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  4. This is such a beautiful entry!!!  I really enjoyed the quotes and the pictures of life in a different time for America.  I do agree, people aren't honoring our veterans like we should.  We had a veterans day parade that my cheerleaders were in two years ago and it was really good to be involved and a huge eye opener.
    Lisa

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  5. Interesting and touching entry. Everyone in my home town called it Armistice Day too. There was a celebration and parade every year. Now someone changed it to Homecoming and its on the Saturday nearest to Nov. 11th. Paula

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  6. thank you for remembering, as i know you always will. i thank my father who was drafted but never saw combat, his brother who was also drafted and did see combat is has never been the same since vietnam. my mother's brother, and on of my aunt's husband's all of those serving in vietnam. then one more of mom's brother-in-laws who served in korea. i guess when your small town folk you don't forget cause family means more, and everyone shares in everyone else's joys and sorrows. i guess that is why we remember.


    sending blessings and love,

    jess

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  7. Very well said!  We should always remember that we can't stay free if we don't keep on standing & fighting for our freedom. I hate war, I hate it when someone loses a loved one in a war, but as the much cliche'd saying goes, "Freedom Isn't Free".  It's not anywhere close to being enough to say I appreciate our service men & women past and present.  It's a debt we can never repay.

    Dirk

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  8. we had a veteran parade today..There was a sign if you enjoy your freedom than a vet
    Donna In TEXAS

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  9. This was really great. I will click on the link tomorrow...it's late and I want to journal a bit before going to bed myself.

    God Bless
    Christy...Proud Soldier's Wife!

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  10. God Bless you Barbara for such an inspiring tribute to our Veterans.  There are so many words that I could say in gratitude, but it never seems enough.  When I was growing up in Canada, we called it Rememberance Day and wore red poppies in memorium to all who have served- I am grateful for the chance to raise my little guy to know and love our soldiers just as I was.  God Bless them all- Passed and those who still serve today. I am forever grateful and thankful.  Barbara, I hope you don't mind that I add a link here for you and your readers, but another beautiful tribute- and heart searching questions for Veteran's Day can be found at http://davidjeffers.thevanguard.org/  Dave is a true Brother in Christ,  retired military and a GOLD STAR Dad.  Please go visit and leave a comment. Thank you Barbara- God Bless you and You're all in my prayers!~  Carolyn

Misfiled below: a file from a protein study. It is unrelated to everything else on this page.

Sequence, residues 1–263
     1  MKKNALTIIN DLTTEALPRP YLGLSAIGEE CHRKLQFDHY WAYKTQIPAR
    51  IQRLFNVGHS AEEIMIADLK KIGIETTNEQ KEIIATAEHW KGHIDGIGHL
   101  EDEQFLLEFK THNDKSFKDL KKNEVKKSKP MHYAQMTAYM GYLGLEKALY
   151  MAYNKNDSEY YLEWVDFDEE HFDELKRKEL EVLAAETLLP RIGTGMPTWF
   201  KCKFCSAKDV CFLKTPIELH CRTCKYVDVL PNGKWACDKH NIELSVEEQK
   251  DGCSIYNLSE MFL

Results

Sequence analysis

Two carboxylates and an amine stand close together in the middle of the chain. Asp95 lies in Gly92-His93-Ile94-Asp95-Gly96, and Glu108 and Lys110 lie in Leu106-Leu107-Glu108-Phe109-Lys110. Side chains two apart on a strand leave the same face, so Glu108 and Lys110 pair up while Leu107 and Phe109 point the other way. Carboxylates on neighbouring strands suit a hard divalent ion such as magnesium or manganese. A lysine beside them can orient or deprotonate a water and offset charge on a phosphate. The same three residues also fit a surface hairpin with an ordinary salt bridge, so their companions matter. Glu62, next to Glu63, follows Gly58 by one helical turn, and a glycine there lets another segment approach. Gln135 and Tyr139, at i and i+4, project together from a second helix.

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  11. A perfect tribute, Barbara, and great graphics to go with it. Thank you for taking the time to write these words of honor and remembrance. May I borrow the tag for my journal? The one with the flag and the helmet? bea

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  12. One of my clearest memories - Sgt. York.  A beautiful tribute and recognition of bravery and a courageous spirit.  CATHY
    http://journals.aol.com/luddie343/DARETOTHINK/  

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  13. This a very moving and great tribute to the men and women that keep us free. Great entry...really top notch. A good way to start out this Monday...thankyou.

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  14. excellent entry!!!

    Kathy

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  15. Thank you for this beautiful tribute to our country's heros.
    In these days where so little repect is ever shown at all...
     this is a very gracious and heartwarming entry indeed.

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  16. I completely agree with you.  It is amazing, especially in this political atmosphere, that our young men and women still proudly volunteer to serve in our armed forces.  Freedom is most certainly not free.

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  17. Wow, that was an incrediable tribute that I was privledged to read.
    You have honored us all~

    Proud daughter of a U.S. Milatary Father,
    Rebecca Anne

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  18. We should never forget the sacrifices made by so many people in the pursuit of peace and freedom.
    http://journals.aol.co.uk/acoward15/andy-the-bastard/

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  19. Being a veteran, thank you very much for the great post!  My family has served our country since the Revolutionary War, an 18 year old Grandson is going in very soon, and knowing my younger Grandkids, they will serve too!  Our freedom and liberty is too precious not to protect, and this belief must be passed on to the next generations!

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  20. Message to bhbner2him, the person who created this blog.  My name is Nate Parrish and I would like to talk to you about your Uncle Hightower Stutts.  I believe he may be related to me.  Please contact me personally at kultureklub@centurytel.net

    Thanks,
    nate

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So glad you stopped by! Come 'round any time. ~ Barbara